Skip to Main Content

++

Cervical incompetence is a common cause of miscarriage. Placing a suture around the cervical os of the uterus mechanically prevents premature opening of the cervix and subsequent premature delivery of the baby.

++

  • Pudendal (S2–4) and genitofemoral (L1–2) nerves supply the surgical area
  • Surgical approach is transvaginal
  • Lithotomy position
  • Duration variable but usually less than an hour in experienced hands
  • Intraoperative fetal monitoring not routinely used

++

Management:

++

  • “High saddle block” is the most commonly used approach (the block has to reach T12):
    • One to 1.2 mL hyperbaric 0.75% bupivacaine
    • One to 1.2 mL hyperbaric 5% lidocaine (rarely used because of risk of TNS)
    • Patient should remain sitting for 3–5 minutes to establish saddle block
  • General anesthesia is an option
  • Epidural anesthesia is a poor choice as sacral sparing is common
  • Adequate perioperative hydration is important to prevent increase in uterine activity
  • Treat hypotension associated with spinal anesthesia aggressively:
    • Retching may result in bearing down and rupture of the amniotic membrane; this is hypotension-induced, no indication for PONV prophylaxis
  • Use of intrathecal short-acting neuraxial opioids (e.g., fentanyl 25 μg) is controversial:
    • Improves intraoperative analgesia
    • Extends duration of block
    • May contribute to postoperative urinary retention
  • Use of long-acting neuraxial opioids is not recommended

++

Comments:

++

  • Postoperative pain is variable:
    • If the pain does not respond to common analgesics, admission may be necessary
  • Urinary retention is a significant complication (patients need to void before discharge)
  • Uterine contractions may follow and may require admission for hydration and bed rest

++

Management:

++

  • The patient presents at term and the cerclage is removed
  • Patient presents/returns to the labor and delivery unit when in active labor

++

Comments:

++

  • This is often done without anesthesia in the office setting
  • If anesthesia is indicated, a low saddle block (0.8–1 mL hyperbaric 0.75% bupivacaine or 0.8–1 mL hyperbaric 5% lidocaine) is adequate

++

  • The patient presents with contractions or with ruptured membranes and is allowed to labor
  • The cerclage is often removed without an anesthetic
  • In this setting, if the patient is a candidate for labor analgesia, a modified combined spinal epidural is the recommended approach:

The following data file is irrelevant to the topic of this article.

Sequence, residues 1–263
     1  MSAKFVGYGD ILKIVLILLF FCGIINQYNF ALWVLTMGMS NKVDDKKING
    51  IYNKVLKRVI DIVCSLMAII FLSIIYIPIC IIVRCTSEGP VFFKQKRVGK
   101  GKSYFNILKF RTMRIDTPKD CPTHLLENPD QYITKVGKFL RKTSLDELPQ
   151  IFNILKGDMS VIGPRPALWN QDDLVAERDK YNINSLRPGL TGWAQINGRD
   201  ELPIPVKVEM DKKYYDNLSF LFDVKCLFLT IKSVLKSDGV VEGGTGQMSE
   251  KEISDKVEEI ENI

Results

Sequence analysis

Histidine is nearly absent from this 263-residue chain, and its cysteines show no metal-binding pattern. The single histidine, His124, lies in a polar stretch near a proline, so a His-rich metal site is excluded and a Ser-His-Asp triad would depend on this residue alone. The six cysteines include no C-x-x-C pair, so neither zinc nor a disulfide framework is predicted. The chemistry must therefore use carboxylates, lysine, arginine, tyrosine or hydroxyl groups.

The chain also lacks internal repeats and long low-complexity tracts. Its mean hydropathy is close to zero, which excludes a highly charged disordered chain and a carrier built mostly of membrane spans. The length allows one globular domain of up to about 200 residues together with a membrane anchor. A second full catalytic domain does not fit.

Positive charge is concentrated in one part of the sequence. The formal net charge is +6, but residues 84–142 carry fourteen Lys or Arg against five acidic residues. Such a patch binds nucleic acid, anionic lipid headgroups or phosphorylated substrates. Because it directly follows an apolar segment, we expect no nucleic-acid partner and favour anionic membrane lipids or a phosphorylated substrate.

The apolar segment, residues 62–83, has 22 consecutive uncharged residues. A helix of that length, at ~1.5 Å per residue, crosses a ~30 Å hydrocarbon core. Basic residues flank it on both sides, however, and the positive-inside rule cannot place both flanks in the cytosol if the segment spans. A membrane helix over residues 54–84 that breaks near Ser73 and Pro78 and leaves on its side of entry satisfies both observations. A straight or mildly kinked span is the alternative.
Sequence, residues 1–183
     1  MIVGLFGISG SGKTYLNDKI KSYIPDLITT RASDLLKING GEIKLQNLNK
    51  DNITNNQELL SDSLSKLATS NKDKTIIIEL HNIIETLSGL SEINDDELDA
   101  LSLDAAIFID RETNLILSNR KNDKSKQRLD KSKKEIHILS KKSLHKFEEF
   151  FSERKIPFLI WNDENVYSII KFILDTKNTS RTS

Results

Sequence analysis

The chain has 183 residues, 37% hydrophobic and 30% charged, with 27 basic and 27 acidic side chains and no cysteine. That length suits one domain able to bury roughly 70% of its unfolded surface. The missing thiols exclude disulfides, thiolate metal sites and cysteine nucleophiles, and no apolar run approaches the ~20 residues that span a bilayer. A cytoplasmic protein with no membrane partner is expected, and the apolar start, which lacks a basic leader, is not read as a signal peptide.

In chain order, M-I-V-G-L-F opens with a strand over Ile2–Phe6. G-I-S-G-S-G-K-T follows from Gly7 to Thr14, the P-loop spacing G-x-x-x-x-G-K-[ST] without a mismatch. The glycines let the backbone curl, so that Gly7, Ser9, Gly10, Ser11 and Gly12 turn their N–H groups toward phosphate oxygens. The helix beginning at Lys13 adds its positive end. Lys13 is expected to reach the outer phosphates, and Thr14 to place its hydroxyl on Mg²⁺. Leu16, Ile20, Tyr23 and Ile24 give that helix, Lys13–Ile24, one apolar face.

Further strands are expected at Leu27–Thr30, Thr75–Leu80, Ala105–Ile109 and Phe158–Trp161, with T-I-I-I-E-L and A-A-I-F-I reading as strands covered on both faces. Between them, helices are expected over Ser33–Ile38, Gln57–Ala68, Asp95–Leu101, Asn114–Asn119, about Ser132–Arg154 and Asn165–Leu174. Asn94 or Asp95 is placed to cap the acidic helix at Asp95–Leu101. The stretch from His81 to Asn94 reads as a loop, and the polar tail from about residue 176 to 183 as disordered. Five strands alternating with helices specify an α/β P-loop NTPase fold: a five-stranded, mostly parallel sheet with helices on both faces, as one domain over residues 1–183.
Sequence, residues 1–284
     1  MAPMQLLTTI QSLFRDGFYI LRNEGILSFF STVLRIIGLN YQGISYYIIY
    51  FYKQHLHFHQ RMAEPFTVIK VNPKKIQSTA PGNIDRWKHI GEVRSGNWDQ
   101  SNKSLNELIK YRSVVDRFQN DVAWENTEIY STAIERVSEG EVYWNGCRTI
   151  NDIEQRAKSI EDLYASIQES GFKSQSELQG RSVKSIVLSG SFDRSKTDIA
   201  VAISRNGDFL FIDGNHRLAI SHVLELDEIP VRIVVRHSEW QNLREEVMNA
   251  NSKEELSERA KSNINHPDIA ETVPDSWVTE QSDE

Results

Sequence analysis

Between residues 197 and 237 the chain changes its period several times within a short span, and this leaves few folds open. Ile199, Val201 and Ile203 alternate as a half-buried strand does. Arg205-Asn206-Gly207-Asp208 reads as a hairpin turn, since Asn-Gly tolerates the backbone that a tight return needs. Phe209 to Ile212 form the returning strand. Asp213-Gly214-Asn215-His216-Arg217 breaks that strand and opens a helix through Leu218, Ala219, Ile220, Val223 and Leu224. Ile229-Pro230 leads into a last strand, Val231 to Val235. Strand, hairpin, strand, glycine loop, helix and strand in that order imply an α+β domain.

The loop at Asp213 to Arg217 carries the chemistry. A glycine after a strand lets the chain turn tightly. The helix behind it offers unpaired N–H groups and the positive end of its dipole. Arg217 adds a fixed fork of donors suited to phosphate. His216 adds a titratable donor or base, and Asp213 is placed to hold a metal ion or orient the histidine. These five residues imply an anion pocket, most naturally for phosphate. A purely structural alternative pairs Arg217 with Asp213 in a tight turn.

• A low saddle dose (see above) is administered as the spinal component
    • An epidural catheter is threaded and is used to provide analgesia for labor

++

  • Selected patients may undergo an abdominal approach for closing the cervix
  • The surgical approach is usually a Pfannenstiel incision
  • Duration is dependent on level of experience of surgeon (about 60–90 minutes)
  • Abdominal cerclage is permanent. Delivery is by Cesarean section
  • Spinal, epidural, combined spinal epidural, and GA have all been used successfully
  • Usual precautions for anesthesia during second trimester (see Chapter 186)
  • Dosing is similar to anesthesia for Cesarean section (see Chapter 189)
  • May need hospital admission postoperatively for pain management, hydration, and observation for uterine contractions

Want remote access to your institution's subscription?

Sign in to your MyAccess profile while you are actively authenticated on this site via your institution (you will be able to verify this by looking at the top right corner of the screen - if you see your institution's name, you are authenticated). Once logged in to your MyAccess profile, you will be able to access your institution's subscription for 90 days from any location. You must be logged in while authenticated at least once every 90 days to maintain this remote access.

Ok

About MyAccess

If your institution subscribes to this resource, and you don't have a MyAccess profile, please contact your library's reference desk for information on how to gain access to this resource from off-campus.

Subscription Options

AccessAnesthesiology Full Site: One-Year Subscription

Connect to the full suite of AccessAnesthesiology content and resources including procedural videos, interactive self-assessment, real-life cases, 20+ textbooks, and more

$995 USD
Buy Now

Pay Per View: Timed Access to all of AccessAnesthesiology

24 Hour Subscription $34.95

Buy Now

48 Hour Subscription $54.95

Buy Now

Pop-up div Successfully Displayed

This div only appears when the trigger link is hovered over. Otherwise it is hidden from view.